>one digs a hole in the ground on Shabbat for the sake of having a hole,
>it's forbidden. If for having the earth itself, and a hole results, by
>Torah law its allowed. (Rabinnically obviously not allowed).
>So here, if you davka call collect, or wake up your friend for the
>minyan wth a 2 ring call, with kavannah, intention, to defraud then
>presumably it would not be allowed under halacha and civil law.

The prior arrangement that the collect call won't be accepted demonstrates
kavanah to defraud.

>Any phone company would have a hard time trying to prove fraud, even if
>one would openly admit in court of being happy that the other party
>doen't answer the 2 ring minyan call or the collect call.

This is not relevant to whether or not it is halachically permitted.

>It would appear that the reference to the Californial penal code of
>illegal signalling is connected to attachment of illicit devices or the
>dialling of numbers not sanctioned for use by the general public.

Here it is again:

  By use of a code, prearranged scheme, or other similar stratagem or
device   whereby the person, in effect, sends or receives information

How does the collect call game fail to be a "prearranged scheme" that
"sends information"?  Where does the above mention attaching devices or
telco private numbers?

>From: Russell Hendel <rhendel@...>
>One person cited Cal law that prohibits 'making arrangements to steal
>from the phone company'. Quite frankly I have not reviewed the notes to
>this law and don't know if it covers the collect call game. But even if
>it did, it frequently happens that what is prohibited in one state is
>permissable in other states. In fact many corporations make money that

What I suggested when posting the California law was that people should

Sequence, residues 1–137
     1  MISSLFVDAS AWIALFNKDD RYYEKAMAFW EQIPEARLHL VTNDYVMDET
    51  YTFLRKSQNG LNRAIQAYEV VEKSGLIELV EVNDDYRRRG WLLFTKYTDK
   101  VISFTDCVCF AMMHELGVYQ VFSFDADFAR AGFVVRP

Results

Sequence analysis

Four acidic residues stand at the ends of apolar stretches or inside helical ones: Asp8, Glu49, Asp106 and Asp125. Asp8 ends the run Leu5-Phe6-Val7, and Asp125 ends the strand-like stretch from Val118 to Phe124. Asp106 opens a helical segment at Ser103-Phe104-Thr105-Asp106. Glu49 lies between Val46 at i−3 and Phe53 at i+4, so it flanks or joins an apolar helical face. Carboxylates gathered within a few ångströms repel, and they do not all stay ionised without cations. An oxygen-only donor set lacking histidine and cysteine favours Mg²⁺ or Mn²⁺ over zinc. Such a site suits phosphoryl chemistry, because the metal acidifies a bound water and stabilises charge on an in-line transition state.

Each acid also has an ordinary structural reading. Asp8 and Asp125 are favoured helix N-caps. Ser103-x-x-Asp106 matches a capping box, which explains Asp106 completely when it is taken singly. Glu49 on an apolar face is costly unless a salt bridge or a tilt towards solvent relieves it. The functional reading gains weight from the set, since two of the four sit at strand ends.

check local laws.

From: Sammy Finkelman <sammy.finkelman@...>
Date: Sun, 11 Feb 00 17:07:00 -0400
Subject: Re: Collect call game

The problem with the collect call game is that 1) technically the phone
company can't stop it even if it knows about it and 2) the operator may
know but not the company. Against that, the company saying they don't
permit it may not be because they care but because they want to preserve
their rights in cases where larger sums of money are involved.  Of
course all this applies to the U.S. phone system as it stood before

From: David Charlap <shamino@...>
Date: Fri, 11 Feb 2000 06:52:37 +0000
Subject: Re: Collect call game

Daniel M Wells
> Thats the whole question. Is fraud involved when making use of a
> service in a LEGAL way where the company doen't stand to gain.

It is fraudulent because you are placing the call under false pretenses.

You tell the phone company that you want to place a call and have it
billed to a third party when in fact you want the phone company to
deliver a message and not bill anybody.

The fact that nobody could ever gather enough evidence to prosecute you
is irrelevant.  The fact that the company being stolen from can't tell
your act of fraud from a legitimate call is also irrelevant.

> David pointed out that stealing a single grape from a fruit stand in a
> supermarket is forbidden. Obviously and I can assure you that the
> supermarket manager would presumably prosecute the offender - for the
> principle of the matter. But here the action the thief took had no
> essence of legality.